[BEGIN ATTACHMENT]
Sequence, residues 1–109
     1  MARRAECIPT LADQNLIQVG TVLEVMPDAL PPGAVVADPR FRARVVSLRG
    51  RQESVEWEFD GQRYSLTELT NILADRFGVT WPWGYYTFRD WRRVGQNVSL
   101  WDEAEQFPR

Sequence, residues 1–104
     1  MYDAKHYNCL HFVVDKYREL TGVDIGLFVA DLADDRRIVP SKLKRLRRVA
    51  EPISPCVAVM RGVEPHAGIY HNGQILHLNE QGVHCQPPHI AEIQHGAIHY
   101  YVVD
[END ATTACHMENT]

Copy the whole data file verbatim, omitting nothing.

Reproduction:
Sequence, residues 1–109
     1  MARRAECIPT LADQNLIQVG TVLEVMPDAL PPGAVVADPR FRARVVSLRG
    51  RQESVEWEFD GQRYSLTELT NILADRFGVT WPWGYYTFRD WRRVGQNVSL
   101  WDEAEQFPR

Sequence, residues 1–104
     1  MYDAKHYNCL HFVVDKYREL TGVDIGLFVA DLADDRRIVP SKLKRLRRVA
    51  EPISPCVAVM RGVEPHAGIY HNGQILHLNE QGVHCQPPHI AEIQHGAIHY
   101  YVVD